Facebook is planning its own voice assistant as it looks to increase competition with Siri and Alexa. According to a report from CNBC, Facebook has been working on this AI assistant since early 2018. It comes after the company tried and failed to launch a Siri competitor in 2015.
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Facebook’s virtual assistant development team is being led by Ira Snyder, who also serves as the company’s director of augmented and reality. That team is also responsible for Facebook’s various hardware initiatives.
A team based out of Redmond, Washington, has been spearheading the effort to build the new AI assistant, according to two former Facebook employees who left the company in recent months. The effort is being led by Ira Snyder, director of AR/VR and Facebook Assistant.
There are questions about how Facebook would make a virtual assistant available to users, seeing that it doesn’t currently offer a smartphone of any sort. There are a few possibilities that CNBC outlines, including integration into Oculus headsets, as well as its own smart speakers.
CNBC’s report mentions that Facebook “has been contacting vendors in the smart speaker supply chain” as it develops its own assistant. Given that the AR/VR team spearheading the assistant’s development also works on hardware, this seems like a possible solution.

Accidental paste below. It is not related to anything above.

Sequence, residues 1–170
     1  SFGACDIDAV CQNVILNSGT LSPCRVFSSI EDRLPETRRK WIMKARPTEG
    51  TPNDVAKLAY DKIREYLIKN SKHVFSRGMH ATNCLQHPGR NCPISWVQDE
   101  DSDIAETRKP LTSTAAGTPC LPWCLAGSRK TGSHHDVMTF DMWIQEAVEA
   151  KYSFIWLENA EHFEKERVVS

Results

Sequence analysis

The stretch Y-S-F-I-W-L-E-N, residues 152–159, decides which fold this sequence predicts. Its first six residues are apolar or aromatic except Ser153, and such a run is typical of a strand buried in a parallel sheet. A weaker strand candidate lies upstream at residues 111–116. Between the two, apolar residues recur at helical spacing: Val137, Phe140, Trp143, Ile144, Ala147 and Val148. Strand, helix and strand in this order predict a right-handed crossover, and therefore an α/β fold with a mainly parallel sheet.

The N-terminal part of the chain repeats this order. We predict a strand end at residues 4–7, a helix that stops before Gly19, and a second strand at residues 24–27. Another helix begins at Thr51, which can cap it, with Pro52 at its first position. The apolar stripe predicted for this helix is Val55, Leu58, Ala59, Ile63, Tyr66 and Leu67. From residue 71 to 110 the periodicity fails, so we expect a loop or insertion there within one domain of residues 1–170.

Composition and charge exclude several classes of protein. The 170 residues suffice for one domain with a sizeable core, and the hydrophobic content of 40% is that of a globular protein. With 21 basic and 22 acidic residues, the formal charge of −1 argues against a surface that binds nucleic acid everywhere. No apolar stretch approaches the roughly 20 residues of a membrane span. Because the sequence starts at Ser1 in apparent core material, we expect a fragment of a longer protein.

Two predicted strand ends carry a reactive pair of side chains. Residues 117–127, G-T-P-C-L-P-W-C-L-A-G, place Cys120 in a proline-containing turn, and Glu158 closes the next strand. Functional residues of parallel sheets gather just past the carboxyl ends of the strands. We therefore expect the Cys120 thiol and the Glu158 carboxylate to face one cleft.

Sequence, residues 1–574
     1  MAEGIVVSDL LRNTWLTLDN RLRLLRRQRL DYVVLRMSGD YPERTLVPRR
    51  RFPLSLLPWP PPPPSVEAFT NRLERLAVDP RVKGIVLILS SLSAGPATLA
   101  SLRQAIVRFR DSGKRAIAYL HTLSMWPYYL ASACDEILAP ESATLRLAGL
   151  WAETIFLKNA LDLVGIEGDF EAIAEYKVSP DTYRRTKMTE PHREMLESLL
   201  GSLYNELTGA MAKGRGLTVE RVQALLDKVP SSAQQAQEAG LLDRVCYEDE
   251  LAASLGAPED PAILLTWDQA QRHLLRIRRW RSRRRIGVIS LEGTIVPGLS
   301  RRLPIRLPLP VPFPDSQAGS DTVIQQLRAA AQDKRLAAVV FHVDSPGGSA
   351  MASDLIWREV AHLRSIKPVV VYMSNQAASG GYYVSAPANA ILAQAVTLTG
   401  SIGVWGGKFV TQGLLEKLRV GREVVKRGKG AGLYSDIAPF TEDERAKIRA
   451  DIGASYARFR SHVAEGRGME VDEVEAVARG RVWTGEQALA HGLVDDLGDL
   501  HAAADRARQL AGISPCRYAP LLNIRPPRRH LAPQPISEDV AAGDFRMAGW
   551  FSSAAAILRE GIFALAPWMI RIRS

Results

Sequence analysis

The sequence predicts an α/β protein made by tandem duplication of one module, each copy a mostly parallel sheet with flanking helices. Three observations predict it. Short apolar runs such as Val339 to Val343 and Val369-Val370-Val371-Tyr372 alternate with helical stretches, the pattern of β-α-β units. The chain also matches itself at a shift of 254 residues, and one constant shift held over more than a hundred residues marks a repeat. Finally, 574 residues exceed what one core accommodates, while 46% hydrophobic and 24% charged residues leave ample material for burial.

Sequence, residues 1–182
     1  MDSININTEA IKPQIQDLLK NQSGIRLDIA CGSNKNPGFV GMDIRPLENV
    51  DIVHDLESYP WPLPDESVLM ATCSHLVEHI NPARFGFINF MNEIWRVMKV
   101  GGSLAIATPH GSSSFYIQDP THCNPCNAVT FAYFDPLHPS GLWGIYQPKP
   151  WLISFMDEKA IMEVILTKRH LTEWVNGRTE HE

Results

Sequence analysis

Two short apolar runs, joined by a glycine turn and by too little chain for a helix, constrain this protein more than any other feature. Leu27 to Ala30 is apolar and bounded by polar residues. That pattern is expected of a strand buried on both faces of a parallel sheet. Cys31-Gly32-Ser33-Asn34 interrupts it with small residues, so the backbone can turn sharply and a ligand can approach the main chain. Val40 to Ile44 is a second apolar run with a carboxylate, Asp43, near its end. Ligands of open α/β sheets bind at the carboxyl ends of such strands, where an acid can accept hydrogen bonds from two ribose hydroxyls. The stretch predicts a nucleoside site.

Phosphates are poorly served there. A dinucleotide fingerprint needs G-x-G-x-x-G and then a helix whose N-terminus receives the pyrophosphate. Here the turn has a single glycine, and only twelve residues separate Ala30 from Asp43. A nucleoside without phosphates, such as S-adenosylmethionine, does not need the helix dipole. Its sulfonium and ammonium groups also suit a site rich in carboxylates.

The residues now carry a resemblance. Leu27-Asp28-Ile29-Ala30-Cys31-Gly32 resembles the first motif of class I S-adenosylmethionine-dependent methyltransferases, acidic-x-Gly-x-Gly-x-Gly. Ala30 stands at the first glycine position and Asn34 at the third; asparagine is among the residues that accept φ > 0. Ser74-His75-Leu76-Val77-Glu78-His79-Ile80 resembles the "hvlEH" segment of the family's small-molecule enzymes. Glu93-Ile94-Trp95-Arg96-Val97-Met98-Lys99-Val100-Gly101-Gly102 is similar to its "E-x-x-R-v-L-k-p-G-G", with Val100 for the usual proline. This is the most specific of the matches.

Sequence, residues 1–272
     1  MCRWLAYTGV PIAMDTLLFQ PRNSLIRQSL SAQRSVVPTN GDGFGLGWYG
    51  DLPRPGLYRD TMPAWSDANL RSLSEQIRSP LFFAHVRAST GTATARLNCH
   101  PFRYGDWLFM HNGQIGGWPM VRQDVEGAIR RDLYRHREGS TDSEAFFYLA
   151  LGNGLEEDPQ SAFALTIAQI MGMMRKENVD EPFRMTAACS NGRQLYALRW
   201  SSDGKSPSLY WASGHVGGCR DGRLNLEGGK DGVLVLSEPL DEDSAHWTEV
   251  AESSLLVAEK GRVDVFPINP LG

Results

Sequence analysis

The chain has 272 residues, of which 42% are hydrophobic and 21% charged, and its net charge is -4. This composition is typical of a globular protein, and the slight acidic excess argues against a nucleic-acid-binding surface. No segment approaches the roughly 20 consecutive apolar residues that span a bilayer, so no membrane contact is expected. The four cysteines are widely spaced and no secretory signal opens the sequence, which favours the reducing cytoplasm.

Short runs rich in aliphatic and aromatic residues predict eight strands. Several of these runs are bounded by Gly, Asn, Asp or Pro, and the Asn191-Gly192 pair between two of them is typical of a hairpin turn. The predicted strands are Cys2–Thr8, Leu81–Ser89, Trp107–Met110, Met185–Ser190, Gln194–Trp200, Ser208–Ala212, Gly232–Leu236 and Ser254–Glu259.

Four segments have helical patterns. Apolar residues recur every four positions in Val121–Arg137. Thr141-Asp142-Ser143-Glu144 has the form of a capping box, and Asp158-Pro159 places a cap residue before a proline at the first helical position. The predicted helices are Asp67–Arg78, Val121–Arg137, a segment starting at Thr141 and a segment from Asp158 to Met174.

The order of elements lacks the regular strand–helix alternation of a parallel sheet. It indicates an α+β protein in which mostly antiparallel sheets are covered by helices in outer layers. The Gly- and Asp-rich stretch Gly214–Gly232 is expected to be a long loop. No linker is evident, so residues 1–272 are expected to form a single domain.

It’s unclear how exactly Facebook envisions people using the assistant, but it could potentially be used on the company’s Portal video chat smart speakers, the Oculus headsets or other future projects.
Facebook currently offers its Portal smart display, but it relies on Amazon’s Alexa platform for voice interactions. Facebook would theoretically be able to rid its reliance on Amazon entirely if it were to successfully develop its own virtual assistant.
Of course, Facebook faces stiff competition in the virtual assistant space. Amazon’s Alexa is a clear leader, while Apple is also ramping up the team around Siri. Facebook tried to enter the AI assistant industry in 2015 with its “M” virtual assistant for Messenger. That project was eventually killed due to a lack of use.